Ministry reinvigorated in Long Beach

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Renewal of commitments for Long Beach band and songsters

by Bob Newman –

The renewed Long Beach Citadel songsters perform at the dedication service.

To celebrate the transformation and resurgence of the musical forces at Long Beach Citadel over the past year, Commissioner Philip Swyers recently presided over a rededication of the corps’ band and songsters.

Swyers commissioned 16 new musicians and challenged all to give their talents back to God through service. “Let your light shine so that people’s hearts will be lifted up to God and so that God will be glorified,” he said.

Swyers presented a certificate of appreciation to former Bandmaster Randall Silvers for his many years of leadership and then commissioned Bob Gregg as bandmaster. Swyers challenged Gregg, who has been serving as the band’s leader for the last year, to “make the outreach and ministry of the Army greater than the four walls of this building.”

Gregg responded, “We as a Salvation Army band have untold opportunities to meet the needs of those we serve. I know the band will not let me down in these upcoming responsibilities, and more importantly, they will not let the Lord down.”

Less than two years ago, the soldiers of Long Beach Citadel suddenly found themselves heirs to an exciting future that will one day include a Kroc Center and a youth music conservatory. The corps’ music programs, however, hardly seemed up for the challenge. The band was a small but dedicated group of about a dozen players; the songsters had been inactive for several years, partially for lack of a pianist. How could the shrinking and aging congregation at Long Beach possibly raise up a new generation of musicians to rebuild these groups? That’s where God comes in.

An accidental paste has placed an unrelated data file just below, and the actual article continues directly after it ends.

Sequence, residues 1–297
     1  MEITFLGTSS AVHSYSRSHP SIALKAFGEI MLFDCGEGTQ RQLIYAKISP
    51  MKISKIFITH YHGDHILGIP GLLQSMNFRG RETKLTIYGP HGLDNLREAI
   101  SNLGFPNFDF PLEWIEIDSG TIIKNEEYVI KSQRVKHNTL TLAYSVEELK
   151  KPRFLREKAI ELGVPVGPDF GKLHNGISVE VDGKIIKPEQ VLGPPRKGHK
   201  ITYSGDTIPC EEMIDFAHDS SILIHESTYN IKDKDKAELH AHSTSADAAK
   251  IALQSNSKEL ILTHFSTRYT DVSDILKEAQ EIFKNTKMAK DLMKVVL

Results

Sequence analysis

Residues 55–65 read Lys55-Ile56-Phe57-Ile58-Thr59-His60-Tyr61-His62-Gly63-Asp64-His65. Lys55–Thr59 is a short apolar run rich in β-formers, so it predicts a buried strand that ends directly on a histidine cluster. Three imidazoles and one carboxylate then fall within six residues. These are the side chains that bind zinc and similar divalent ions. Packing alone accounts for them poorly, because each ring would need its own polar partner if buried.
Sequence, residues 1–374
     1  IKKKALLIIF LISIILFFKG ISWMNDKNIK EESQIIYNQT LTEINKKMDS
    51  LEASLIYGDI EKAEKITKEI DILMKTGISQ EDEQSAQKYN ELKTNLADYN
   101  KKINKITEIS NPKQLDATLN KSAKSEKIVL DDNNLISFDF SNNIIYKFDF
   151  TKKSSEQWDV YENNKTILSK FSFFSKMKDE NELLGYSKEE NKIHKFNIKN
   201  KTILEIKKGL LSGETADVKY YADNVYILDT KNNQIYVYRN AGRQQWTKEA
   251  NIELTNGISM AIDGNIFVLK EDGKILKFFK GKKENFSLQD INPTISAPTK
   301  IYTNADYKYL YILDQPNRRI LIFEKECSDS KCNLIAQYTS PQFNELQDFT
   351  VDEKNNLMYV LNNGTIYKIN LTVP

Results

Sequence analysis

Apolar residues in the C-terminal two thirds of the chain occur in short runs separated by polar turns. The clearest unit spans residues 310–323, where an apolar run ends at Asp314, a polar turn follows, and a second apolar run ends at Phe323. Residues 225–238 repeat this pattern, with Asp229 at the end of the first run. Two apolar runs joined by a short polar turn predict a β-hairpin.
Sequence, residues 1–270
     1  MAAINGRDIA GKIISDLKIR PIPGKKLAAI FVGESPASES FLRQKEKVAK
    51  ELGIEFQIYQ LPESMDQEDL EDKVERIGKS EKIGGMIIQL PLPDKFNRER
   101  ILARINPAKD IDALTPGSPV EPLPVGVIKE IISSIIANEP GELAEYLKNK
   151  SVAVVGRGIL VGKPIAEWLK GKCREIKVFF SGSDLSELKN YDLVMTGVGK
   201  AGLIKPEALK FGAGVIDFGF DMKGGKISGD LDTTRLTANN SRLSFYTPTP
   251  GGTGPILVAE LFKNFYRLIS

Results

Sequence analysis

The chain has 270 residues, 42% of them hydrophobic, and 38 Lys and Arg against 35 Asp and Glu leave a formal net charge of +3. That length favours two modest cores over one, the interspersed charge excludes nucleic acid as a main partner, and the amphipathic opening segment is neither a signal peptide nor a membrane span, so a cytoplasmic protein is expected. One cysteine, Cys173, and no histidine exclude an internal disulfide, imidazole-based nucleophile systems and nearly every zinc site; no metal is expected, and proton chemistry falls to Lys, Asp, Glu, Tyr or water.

In answer to many a prayer, the Lord began bringing together a most unlikely collection of musicians most of whom had not picked up a horn in decades. With the help of new recruits, the band has grown in musical proficiency and in size—now there are 22 members.

As God reclaimed these talents for his good purpose, the musicians rediscovered the joy of music making and the good fellowship that comes with banding. They also found grace and understanding as they worked to firm up flabby embouchures and reacquainted themselves with pesky details like playing the right notes in the right time.

“It’s a wonderful feeling to know that I can still play,” said Gaye Almond, who joined the horn section 35 years after last playing in a junior band. “The challenge has been putting key signatures, rhythm, and fingerings all together again.”

Beyond the band’s weekly involvement in the Sunday morning worship service, the group has endeavored to support other ministries of the corps. Last summer, band members gave from their own pockets to fund vacation Bible school scholarships for the corps’s young people, and participated in visitations to nursing homes, the VA Hospital, and shut-ins, including 98-year-old fellow bandsman Fred Borkgren and his wife, Ann. At Christmas, band members increased caroling efforts to help make up a shortfall in kettle receipts, allowing 30 families to experience Christmas with food, clothes, and toys.

The newly commissioned Long Beach Citadel Band is now looking forward to a weekend mission trip to a corps in California’s Central Valley and to concerts at the Army’s Bell Shelter and a local Foursquare church.

Eugene recognizes faithful soldier

Eugene recognizes faithful soldier

Relentless dedication to the Army

Kenya-East and West

Kenya-East and West

Country divided into two Salvation Army territories

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